I realize not everyone shares my enthusiasm for this particular breed of veggie. I actually have a few mishapen, multi-colored orb-aphobes in my life [the horror, I know!]. Yes we're still friends and yes I'm still married to him. Fortunately for them, I've made it a personal goal to get these certain people to love at least one dish [and not one that I've deviously placed squash in].
Insert hashbrowns. I would bet at least 99% of the people I know have an affinity for shredded, fried potatoes. I mean, what's not to love? Potatoes, oil, salt, and pepper - simple and delicious. The problem is, the variety of potatoes available to the average consumer have significantly decreased over the years. Like from thousands to less than a dozen varieties [think grocery store - redskin, Idaho, and yukon]. Yikes. What was once a very nutritious and diverse food has been dumbed down to starch, simple carbs, sugars, and a whole lot of genetic modification. A bit less than the best [sarcasm intended]. Don't get me wrong, I love potatoes as much as the next person and try my hardest to find and plant a host of organic, heirloom varieties [check out heirloom seed catalogs like Seed Savers and Annie's Heirloom Seeds among many others] and support farmers who do the same. But variety and change rarely hurts a person, especially in the way of food.
In a spurt of creative brilliance [ie. complete lack of the necessary items in the house] I decided to julienne* some squash instead. The result? I may never go back to the potato version. Yes, I'm serious.
So, here's to you squash-avoiding, orange orb-wary, crookneck cautious husband [or friend] of mine. May this change your mind!
1 winter squash of choice [I used butternut here but any will do]
extra virgin olive oil
Celtic sea salt
freshly ground pepper
any other seasoning of choice
Cut off stem and butt end of the squash. Using a vegetable peeler, carefully remove skin of squash [it's super easy]. Cut squash in half, length-wise. Scoop out seeds and innards, saving seeds for sauce. Begin to julienne squash, working away from the hand you are using to hold the squash [I'm not into kitchen casualties - safety first people!]. If you are doing a single serving, simply julienne a quarter to half of the whole squash. The entire squash should feed about four to five people depending on serving size.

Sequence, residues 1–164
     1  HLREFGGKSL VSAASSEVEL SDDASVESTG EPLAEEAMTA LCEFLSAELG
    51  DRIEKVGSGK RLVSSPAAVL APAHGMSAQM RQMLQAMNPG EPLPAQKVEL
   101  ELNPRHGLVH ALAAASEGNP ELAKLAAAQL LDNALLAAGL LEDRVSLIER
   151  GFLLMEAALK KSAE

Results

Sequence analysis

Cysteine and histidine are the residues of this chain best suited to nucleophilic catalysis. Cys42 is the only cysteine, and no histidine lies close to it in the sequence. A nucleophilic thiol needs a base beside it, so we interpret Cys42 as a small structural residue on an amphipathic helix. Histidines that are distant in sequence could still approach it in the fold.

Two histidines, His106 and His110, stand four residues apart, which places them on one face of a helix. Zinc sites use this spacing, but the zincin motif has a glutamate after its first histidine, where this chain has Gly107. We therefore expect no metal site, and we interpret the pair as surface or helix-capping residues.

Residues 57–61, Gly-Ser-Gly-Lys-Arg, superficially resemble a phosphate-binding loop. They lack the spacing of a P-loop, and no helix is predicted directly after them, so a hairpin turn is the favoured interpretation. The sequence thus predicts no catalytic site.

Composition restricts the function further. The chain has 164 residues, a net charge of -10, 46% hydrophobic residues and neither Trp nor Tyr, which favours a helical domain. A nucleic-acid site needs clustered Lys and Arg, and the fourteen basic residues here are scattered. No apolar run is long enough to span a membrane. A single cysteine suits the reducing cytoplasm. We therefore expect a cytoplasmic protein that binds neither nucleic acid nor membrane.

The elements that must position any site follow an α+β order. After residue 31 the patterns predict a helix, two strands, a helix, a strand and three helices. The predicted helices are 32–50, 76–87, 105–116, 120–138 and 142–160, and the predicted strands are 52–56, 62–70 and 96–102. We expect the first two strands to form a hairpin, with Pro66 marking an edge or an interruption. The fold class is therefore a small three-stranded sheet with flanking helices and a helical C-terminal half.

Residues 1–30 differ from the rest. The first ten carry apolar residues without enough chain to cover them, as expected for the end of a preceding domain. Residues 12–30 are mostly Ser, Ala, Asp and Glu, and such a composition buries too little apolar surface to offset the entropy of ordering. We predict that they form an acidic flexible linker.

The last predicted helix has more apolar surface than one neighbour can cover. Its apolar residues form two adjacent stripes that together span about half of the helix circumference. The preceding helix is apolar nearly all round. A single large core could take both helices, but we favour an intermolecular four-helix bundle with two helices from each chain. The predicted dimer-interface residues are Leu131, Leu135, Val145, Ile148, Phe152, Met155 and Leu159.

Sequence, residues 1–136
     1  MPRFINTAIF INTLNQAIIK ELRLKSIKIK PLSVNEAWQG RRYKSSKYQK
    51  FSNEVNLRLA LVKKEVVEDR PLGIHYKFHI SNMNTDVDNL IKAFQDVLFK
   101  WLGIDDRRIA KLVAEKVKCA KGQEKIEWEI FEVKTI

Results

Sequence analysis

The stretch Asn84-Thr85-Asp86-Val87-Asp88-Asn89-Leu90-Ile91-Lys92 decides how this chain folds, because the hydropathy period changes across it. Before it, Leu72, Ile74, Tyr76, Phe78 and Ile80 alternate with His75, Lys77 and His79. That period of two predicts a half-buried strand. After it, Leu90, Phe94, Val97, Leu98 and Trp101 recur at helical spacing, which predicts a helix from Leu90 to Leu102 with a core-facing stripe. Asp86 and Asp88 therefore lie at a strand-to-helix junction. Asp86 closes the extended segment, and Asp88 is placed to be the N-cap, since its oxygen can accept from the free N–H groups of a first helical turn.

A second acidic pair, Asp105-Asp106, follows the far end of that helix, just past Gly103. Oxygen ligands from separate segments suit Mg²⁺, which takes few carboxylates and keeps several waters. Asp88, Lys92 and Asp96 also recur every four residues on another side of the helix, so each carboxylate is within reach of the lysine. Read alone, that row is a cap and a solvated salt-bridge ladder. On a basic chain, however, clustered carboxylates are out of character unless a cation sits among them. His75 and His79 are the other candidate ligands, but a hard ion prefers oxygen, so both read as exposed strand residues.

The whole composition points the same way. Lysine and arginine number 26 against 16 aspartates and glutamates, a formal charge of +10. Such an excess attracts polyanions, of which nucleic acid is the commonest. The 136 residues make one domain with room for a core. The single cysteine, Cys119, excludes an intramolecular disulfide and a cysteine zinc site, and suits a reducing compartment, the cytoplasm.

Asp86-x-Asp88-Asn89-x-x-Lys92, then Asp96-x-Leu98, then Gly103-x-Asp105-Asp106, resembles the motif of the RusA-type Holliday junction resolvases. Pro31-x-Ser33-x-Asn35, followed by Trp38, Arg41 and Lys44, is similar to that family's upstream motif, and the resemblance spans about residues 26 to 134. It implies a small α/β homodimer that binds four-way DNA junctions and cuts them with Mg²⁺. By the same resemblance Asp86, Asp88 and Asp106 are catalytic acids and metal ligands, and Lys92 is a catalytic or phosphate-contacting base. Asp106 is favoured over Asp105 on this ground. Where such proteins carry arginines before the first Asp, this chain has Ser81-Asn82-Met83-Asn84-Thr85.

Pour enough oil in cast iron skillet to coat the bottom of the pan. Heat oil to hot but not smoking. Carefully dump in shredded squash, spreading evenly. Toss a time or two and allow to cook for a couple of minutes or until the bottom starts to brown. Flip/stir and repeat until all of the squash is lightly browned and a little crispy. Sprinkle with salt, pepper, and pumpkin seed dressing to taste and enjoy!
I love serving this over a bed of black rice or adjacent to a spinach and baby greens salad. A local farm with a greenhouse may have baby greens and spinach this time of year and many with hoop houses are beginning to plant. It's worth scouting out the fresh, local stuff!
[FOR THE DRESSING]
seeds from one winter squash
extra virgin olive oil
white wine vinegar
freshly ground pepper
Rinse seeds in a fine mesh strainer. Spread on baking sheet, sprinkle with a little salt and pepper, and either lightly toast in a toaster oven or bake at 400 degrees in oven until dry and crisp [check often so they don't burn].
Place toasted seeds in food processor with enough oil to cover and a splash of vinegar. Blend until smooth. Taste and season with salt and pepper if needed.
*A side note about julienne. This particular kitchen tool may be the most useful gift I've ever received [thanks Mom!] and it cost 25 cents. Okay, mine came from a garage sale but this little baby is used almost as much as my VitaMix which means I use it a lot. I highly recommend you go out immediately and find yourself one. I'm sure some uninformed, sorry someone donated one to a local thrift store, has for purchase at a garage sale, on Craig's List or Amazon. You may be able to find one through Freecycle or facebook.